“There are practical parts of the job that can consume you,” Percival said. “I’d like to spend more time talking about methods of coaches and the purpose of extracurricular activities.”
The roundtable of superintendents included Ric Dressen (Edina), Deb Henton (North Branch), Dan Hoverman (Mounds View), Dennis Peterson (Minnetonka) and Todd Sesker (Faribault). They answered questions from a moderator on myriad topics related to activities directors.
Hoverman said Madison and Irondale activities director Ron Broberg “probably have the most difficult job” in the Mounds View district.
The superintendents touched on timely issues such as a coach’s dismissal and competition for students through investments in athletics.
Outcry from coaches about parent intrusion into coaching prompted legislation this spring from Rep. Dean Urdahl that was recently signed into law. The measure declared that parent complaints cannot be the sole reason for a board not to renew a coaching contract.
Henton described the expectations of providing stronger athletics programs as “a war.” Turf fields, large field houses and strong summer programs have become the norm for powerful high school programs.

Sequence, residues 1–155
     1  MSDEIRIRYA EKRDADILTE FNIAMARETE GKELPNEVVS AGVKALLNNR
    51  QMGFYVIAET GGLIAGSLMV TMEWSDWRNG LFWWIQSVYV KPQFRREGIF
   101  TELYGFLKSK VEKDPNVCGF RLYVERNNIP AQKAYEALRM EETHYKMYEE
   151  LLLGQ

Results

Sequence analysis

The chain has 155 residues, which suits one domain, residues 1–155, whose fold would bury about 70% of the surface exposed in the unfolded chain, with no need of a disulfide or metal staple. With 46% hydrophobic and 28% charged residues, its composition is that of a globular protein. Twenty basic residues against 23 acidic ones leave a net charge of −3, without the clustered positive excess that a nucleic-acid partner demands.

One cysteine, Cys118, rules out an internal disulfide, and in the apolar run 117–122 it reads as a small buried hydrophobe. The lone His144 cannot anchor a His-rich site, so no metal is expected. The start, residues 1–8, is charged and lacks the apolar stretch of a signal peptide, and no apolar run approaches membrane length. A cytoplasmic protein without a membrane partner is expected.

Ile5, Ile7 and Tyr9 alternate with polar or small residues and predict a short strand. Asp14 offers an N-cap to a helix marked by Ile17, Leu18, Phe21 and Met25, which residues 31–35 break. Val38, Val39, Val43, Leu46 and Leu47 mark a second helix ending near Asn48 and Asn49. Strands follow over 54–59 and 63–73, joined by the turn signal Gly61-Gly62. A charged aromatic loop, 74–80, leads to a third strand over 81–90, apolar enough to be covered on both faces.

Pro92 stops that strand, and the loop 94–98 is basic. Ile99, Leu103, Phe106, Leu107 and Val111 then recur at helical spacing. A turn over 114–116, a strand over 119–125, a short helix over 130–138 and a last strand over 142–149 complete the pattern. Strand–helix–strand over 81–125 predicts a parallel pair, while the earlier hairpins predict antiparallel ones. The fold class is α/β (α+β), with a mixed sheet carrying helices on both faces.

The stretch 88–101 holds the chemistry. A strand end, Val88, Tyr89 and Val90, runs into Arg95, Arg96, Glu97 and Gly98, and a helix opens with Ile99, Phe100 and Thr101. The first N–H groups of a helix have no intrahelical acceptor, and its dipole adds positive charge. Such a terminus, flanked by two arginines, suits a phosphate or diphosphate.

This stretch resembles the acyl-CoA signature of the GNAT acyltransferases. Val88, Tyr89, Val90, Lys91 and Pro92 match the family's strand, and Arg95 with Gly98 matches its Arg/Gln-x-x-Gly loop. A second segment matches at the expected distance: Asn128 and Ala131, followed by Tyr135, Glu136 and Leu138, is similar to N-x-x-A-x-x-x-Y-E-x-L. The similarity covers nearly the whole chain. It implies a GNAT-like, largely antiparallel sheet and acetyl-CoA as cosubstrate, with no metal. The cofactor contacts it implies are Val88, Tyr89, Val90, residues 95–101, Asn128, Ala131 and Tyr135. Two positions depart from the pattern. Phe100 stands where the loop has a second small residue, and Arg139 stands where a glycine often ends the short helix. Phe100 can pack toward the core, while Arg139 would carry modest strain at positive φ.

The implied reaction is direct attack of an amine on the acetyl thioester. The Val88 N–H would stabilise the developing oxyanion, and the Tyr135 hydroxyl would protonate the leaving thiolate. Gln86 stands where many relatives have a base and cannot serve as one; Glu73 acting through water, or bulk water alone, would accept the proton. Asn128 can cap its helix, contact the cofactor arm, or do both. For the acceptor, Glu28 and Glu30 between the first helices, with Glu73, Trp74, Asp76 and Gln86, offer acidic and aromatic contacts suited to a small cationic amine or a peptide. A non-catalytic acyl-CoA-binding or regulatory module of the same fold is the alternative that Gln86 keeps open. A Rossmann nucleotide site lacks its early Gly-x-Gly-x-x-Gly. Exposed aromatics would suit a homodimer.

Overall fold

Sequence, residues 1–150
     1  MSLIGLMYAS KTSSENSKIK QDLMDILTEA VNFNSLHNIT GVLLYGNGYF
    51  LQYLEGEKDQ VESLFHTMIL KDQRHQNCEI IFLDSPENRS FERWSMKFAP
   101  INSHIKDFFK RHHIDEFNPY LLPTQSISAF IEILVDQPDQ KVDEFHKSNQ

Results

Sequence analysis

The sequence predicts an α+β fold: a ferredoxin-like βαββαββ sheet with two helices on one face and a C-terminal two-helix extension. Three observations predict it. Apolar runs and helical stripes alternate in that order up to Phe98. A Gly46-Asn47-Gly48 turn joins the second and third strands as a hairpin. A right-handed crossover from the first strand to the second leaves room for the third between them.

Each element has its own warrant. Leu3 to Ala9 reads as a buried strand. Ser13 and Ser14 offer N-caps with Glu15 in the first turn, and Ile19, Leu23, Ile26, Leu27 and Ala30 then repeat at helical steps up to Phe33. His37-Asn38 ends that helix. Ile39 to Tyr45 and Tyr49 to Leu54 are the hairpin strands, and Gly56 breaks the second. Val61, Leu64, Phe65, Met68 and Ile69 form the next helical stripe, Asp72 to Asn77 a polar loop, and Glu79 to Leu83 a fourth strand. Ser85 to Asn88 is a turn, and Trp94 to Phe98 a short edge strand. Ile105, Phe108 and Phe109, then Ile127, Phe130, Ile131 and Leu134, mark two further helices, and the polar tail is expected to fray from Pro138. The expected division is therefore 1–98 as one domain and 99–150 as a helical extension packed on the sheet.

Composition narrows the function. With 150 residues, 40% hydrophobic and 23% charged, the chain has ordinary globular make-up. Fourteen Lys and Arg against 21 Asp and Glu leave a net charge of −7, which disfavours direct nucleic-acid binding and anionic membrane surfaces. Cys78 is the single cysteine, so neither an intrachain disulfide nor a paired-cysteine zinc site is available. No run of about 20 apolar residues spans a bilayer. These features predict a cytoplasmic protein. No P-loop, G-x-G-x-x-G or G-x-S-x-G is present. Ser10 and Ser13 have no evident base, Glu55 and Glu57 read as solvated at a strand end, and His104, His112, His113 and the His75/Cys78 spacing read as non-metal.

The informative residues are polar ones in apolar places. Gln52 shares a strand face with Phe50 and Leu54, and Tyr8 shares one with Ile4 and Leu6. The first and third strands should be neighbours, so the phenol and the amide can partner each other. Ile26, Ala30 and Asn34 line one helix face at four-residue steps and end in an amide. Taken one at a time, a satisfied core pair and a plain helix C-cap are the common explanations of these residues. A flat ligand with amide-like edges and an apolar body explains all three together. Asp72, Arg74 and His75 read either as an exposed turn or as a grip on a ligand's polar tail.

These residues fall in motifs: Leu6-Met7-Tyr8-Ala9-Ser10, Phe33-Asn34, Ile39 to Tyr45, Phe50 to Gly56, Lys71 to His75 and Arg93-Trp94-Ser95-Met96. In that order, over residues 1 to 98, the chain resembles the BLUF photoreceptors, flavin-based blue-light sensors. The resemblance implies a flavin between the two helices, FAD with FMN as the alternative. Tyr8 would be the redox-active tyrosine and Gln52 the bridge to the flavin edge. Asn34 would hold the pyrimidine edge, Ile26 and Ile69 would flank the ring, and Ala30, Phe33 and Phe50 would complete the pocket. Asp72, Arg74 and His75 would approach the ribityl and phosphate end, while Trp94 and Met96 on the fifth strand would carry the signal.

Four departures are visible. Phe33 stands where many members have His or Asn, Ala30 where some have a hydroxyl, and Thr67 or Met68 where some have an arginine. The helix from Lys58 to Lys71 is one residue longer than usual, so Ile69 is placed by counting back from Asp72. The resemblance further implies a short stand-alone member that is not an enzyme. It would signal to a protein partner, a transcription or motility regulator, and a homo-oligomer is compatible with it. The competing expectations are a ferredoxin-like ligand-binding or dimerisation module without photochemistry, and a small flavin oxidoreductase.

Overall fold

“There is a lot of pressure from certain parents to do more with what we have,” Henton said.
Sesker added: “I don’t know if it’s ever going to be enough.”
An open dialogue with a superintendent, Roff said, is not a luxury every activities director enjoys.
“My superintendent came with me today,” Roff said. “But I was in Minneapolis for 25 years and literally met and had a conversation with my superintendent once.”
The roundtable capped a day several activities directors agreed fulfilled Madison’s mission and made them better.
“This is mountaintop stuff,” Roff said. “We have to go back into the valley tomorrow. But you have to have that feeling of excitement that you can make a difference. That’s another reason it’s important for all of us to do these kinds of things because we need that vision refreshment.”